With $2 Million Left on Wallops Repair Bill, NASA and Virginia Look to Orbital ATK To Dig Deeper
A Virginia-owned launch pad damaged in October when Orbital ATK’s Antares rocket exploded moments after liftoff is almost fixed, but the company is at loggerheads with the state and the federal government over who should pay the last $2 million owed in repairs.
The accident, blamed on an engine failure, caused about $13 million worth of damage to the pad alone, according to Dale Nash, executive director of the Virginia Commercial Space Flight Authority.
NASA has covered about $5 million of the repair tab, while Dulles, Virginia-based Orbital ATK provided another $3 million. Virginia contributed too, committing roughly $3 million of the state-funded spaceflight authority’s $16 million annual operating budget.
That leaves another $2 million or so to complete repairs of Pad 0A at the Mid-Atlantic Regional Spaceport, a state-leased corner of NASA’s Wallops Flight Facility in Wallops Island, Virginia. The pad was developed to support Orbital ATK’s cargo resupply missions to the International Space Station under the company’s eight-flight, $1.9 billion Commercial Resupply Services contract with NASA.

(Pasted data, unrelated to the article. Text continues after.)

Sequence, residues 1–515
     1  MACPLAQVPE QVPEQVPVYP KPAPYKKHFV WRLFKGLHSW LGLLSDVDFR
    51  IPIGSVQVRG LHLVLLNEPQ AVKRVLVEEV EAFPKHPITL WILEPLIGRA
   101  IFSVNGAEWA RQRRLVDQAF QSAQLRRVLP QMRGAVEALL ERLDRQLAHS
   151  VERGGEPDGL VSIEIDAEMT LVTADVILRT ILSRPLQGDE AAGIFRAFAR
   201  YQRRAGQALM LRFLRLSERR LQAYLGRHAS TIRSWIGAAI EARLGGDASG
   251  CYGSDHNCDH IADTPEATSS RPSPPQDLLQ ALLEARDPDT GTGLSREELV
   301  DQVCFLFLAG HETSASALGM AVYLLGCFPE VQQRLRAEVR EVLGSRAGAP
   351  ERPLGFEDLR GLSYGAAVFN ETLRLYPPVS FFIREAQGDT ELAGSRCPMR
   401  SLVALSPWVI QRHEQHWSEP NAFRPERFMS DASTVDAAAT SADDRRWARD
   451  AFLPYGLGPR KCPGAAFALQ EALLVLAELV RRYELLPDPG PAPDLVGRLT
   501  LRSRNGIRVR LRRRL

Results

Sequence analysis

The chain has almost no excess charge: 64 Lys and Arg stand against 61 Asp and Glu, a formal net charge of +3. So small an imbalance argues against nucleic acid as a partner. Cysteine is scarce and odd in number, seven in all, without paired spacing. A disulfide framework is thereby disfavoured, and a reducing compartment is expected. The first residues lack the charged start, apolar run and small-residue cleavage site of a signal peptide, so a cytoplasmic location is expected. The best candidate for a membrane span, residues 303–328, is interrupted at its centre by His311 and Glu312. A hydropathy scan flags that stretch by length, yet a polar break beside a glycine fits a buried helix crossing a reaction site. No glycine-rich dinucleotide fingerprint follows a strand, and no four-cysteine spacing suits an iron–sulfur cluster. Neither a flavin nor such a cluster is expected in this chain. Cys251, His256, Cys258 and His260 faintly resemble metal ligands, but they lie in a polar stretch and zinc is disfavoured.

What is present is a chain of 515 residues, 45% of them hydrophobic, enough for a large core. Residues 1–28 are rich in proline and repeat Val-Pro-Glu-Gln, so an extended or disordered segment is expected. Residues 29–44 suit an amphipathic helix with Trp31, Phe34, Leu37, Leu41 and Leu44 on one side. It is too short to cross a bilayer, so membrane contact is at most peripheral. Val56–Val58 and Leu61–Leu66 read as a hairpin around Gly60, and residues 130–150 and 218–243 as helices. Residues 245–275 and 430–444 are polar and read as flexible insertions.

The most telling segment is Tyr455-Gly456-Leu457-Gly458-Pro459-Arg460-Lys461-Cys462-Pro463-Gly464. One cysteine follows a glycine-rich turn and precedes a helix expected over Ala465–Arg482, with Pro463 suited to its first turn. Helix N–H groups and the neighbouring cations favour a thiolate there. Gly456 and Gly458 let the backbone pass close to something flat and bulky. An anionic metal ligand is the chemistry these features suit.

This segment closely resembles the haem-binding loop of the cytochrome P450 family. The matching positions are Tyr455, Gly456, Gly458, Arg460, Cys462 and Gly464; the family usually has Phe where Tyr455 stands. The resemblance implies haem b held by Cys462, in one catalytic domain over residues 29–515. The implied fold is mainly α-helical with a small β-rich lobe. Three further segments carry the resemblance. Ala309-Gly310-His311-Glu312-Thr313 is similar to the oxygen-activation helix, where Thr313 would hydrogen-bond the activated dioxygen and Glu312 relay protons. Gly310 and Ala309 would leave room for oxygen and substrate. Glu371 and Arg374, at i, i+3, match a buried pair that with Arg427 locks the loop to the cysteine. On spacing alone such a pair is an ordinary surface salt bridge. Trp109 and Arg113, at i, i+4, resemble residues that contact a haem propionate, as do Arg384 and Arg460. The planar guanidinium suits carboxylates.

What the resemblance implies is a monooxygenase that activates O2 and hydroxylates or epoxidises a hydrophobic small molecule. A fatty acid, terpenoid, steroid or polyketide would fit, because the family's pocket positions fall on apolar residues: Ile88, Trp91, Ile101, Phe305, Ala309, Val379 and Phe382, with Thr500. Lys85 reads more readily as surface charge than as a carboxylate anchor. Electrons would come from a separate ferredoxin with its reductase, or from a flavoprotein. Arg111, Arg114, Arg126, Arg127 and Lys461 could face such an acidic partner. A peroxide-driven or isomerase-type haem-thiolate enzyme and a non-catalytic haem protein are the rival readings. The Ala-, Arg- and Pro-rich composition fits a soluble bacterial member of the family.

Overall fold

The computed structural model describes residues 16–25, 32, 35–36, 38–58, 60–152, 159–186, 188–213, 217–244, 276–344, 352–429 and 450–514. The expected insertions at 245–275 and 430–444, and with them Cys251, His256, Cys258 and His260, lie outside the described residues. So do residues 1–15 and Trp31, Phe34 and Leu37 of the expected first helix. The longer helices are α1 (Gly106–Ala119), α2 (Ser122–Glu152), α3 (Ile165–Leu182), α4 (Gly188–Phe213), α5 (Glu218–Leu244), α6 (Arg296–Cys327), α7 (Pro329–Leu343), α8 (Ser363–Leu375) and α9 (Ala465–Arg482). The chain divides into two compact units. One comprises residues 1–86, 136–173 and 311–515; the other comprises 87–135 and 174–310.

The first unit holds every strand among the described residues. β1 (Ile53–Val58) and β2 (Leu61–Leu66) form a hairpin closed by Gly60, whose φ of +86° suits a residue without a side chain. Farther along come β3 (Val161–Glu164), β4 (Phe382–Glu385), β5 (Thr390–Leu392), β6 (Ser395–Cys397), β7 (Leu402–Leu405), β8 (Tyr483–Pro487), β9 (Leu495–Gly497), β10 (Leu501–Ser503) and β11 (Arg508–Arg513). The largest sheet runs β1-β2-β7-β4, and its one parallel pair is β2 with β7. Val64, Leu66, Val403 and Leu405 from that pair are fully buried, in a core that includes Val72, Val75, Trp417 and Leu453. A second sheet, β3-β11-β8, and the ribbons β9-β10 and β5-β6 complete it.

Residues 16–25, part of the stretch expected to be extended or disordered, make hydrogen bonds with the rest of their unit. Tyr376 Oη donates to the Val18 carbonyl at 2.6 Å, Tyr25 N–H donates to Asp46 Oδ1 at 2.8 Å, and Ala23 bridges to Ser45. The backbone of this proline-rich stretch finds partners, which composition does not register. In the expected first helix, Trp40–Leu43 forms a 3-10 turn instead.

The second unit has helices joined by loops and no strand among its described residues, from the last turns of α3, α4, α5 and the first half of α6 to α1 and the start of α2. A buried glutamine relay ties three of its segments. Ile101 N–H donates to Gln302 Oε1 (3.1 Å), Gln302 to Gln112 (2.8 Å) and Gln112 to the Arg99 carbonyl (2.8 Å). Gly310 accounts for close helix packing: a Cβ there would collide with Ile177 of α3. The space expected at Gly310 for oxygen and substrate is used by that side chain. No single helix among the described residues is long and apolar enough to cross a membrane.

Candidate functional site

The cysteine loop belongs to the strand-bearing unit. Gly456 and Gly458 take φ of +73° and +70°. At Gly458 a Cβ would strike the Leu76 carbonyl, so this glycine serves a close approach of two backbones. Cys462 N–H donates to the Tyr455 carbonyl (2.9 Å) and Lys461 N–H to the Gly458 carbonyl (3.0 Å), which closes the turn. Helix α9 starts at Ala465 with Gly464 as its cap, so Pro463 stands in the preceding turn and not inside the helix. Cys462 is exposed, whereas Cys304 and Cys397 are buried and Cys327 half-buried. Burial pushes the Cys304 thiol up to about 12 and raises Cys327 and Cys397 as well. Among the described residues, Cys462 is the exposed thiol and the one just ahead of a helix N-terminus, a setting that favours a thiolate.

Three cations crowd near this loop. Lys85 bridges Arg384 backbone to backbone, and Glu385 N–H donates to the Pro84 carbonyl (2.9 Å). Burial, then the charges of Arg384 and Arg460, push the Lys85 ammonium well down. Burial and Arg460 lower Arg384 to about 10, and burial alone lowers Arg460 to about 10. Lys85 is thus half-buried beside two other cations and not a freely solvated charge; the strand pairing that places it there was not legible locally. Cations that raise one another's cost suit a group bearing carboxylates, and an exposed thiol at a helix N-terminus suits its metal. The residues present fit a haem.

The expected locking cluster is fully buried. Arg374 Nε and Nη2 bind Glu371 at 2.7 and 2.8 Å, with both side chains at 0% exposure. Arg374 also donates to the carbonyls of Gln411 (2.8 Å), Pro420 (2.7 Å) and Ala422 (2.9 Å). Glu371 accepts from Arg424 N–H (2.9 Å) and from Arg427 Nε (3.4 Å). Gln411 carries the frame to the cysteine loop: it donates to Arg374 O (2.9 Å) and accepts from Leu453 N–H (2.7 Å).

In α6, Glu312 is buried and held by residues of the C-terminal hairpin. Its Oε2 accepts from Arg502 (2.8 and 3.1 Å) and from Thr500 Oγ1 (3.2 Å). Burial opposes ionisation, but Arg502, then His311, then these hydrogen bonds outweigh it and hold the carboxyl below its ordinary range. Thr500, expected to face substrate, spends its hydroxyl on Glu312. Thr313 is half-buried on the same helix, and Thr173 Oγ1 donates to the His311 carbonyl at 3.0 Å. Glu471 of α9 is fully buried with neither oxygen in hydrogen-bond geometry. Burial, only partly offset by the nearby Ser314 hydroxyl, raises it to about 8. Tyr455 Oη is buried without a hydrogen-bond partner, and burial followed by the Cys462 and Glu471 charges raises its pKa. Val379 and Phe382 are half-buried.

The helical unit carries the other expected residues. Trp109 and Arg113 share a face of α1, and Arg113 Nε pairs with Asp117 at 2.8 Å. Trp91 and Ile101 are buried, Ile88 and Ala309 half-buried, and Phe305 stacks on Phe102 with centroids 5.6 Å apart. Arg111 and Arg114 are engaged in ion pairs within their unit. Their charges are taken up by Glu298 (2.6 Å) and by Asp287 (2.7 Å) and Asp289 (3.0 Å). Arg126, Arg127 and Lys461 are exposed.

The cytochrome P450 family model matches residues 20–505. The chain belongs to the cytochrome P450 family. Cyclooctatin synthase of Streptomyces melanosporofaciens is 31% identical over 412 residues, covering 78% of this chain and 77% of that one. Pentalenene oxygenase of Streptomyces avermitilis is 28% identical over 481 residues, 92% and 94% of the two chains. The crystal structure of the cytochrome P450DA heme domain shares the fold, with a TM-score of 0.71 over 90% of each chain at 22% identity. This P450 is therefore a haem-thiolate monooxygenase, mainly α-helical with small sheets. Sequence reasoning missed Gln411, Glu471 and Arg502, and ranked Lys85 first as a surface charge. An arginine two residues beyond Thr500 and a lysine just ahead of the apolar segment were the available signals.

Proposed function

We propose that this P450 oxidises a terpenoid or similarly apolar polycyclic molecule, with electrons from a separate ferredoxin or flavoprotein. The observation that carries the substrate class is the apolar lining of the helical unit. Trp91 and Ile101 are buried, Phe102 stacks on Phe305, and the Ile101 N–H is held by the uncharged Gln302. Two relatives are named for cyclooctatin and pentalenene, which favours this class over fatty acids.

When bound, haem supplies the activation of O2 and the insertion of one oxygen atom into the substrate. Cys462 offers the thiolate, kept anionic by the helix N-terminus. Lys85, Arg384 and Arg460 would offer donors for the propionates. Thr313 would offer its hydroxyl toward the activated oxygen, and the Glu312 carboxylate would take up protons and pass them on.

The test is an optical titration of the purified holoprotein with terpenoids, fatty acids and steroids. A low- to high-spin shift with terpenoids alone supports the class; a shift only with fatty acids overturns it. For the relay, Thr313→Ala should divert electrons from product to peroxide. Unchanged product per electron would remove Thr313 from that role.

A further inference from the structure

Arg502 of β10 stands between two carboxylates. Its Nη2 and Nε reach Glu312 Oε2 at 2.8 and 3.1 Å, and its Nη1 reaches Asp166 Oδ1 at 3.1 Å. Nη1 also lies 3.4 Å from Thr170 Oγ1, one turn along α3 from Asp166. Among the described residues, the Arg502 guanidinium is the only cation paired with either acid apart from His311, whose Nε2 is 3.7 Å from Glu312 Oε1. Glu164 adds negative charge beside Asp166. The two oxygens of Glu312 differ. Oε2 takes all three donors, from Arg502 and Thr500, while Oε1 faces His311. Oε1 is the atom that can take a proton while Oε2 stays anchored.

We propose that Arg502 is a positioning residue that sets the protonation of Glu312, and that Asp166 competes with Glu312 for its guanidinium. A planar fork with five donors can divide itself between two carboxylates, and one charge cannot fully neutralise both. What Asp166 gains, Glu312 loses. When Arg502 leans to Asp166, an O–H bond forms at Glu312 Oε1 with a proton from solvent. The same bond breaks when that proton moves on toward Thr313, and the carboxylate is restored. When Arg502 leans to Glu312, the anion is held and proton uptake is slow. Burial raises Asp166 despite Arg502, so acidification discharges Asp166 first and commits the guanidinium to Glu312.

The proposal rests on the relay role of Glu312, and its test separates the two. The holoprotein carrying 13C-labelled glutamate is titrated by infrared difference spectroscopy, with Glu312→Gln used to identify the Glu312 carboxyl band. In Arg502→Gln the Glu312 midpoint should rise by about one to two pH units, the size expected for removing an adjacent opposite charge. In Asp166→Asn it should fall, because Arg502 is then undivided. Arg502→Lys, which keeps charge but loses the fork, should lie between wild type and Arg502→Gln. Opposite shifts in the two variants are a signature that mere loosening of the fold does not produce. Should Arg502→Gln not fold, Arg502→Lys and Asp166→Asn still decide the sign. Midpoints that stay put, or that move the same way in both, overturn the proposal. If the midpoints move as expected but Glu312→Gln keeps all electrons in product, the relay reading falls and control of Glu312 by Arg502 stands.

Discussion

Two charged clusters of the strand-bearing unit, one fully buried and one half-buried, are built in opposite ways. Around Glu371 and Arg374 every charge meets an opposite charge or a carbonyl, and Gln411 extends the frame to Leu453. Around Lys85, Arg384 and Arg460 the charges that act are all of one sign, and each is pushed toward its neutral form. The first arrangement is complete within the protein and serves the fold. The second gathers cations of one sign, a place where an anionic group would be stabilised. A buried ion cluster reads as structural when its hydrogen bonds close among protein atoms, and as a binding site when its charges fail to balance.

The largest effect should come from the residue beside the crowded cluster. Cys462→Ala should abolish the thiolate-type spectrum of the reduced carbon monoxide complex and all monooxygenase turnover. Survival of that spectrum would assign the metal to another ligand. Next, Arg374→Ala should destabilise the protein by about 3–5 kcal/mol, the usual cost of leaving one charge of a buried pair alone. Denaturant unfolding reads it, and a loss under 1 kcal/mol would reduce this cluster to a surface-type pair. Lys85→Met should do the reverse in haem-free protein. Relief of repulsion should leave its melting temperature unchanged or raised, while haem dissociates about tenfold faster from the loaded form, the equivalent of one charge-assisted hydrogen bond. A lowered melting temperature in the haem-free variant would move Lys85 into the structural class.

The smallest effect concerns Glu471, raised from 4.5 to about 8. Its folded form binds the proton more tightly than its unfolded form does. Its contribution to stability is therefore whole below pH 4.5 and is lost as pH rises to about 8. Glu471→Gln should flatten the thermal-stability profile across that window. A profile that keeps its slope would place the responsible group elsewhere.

Virginia wants to finish pad repairs by September, but is funded only through August, due to the $2 million shortfall, Nash said.
While that is only a small fraction of the $90 million Virginia spent to build Pad 0A in the first place, it is $2 million more than the Commonwealth of Virginia is willing to spend repairing damage that, in the opinion of Virginia Gov. Terry McAuliffe’s (D) administration, it did not cause.